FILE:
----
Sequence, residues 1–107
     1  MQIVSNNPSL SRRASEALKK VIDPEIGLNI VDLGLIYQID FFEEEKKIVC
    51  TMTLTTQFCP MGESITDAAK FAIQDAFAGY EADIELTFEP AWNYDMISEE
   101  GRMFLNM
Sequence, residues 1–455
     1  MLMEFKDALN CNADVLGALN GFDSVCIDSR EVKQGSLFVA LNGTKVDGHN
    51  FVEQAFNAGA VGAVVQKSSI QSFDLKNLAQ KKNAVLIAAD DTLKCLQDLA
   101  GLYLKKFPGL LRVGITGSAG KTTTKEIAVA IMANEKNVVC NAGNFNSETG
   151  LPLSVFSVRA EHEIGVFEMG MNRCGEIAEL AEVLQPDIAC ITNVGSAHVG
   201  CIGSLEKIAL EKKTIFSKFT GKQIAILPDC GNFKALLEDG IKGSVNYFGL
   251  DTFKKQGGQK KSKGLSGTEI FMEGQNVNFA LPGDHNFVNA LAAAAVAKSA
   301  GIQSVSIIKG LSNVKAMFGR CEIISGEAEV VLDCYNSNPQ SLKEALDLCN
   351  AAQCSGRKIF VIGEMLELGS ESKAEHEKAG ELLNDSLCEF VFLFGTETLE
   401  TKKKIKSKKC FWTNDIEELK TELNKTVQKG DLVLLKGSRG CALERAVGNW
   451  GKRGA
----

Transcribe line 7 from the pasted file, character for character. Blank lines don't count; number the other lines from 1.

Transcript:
    51  FVEQAFNAGA VGAVVQKSSI QSFDLKNLAQ KKNAVLIAAD DTLKCLQDLA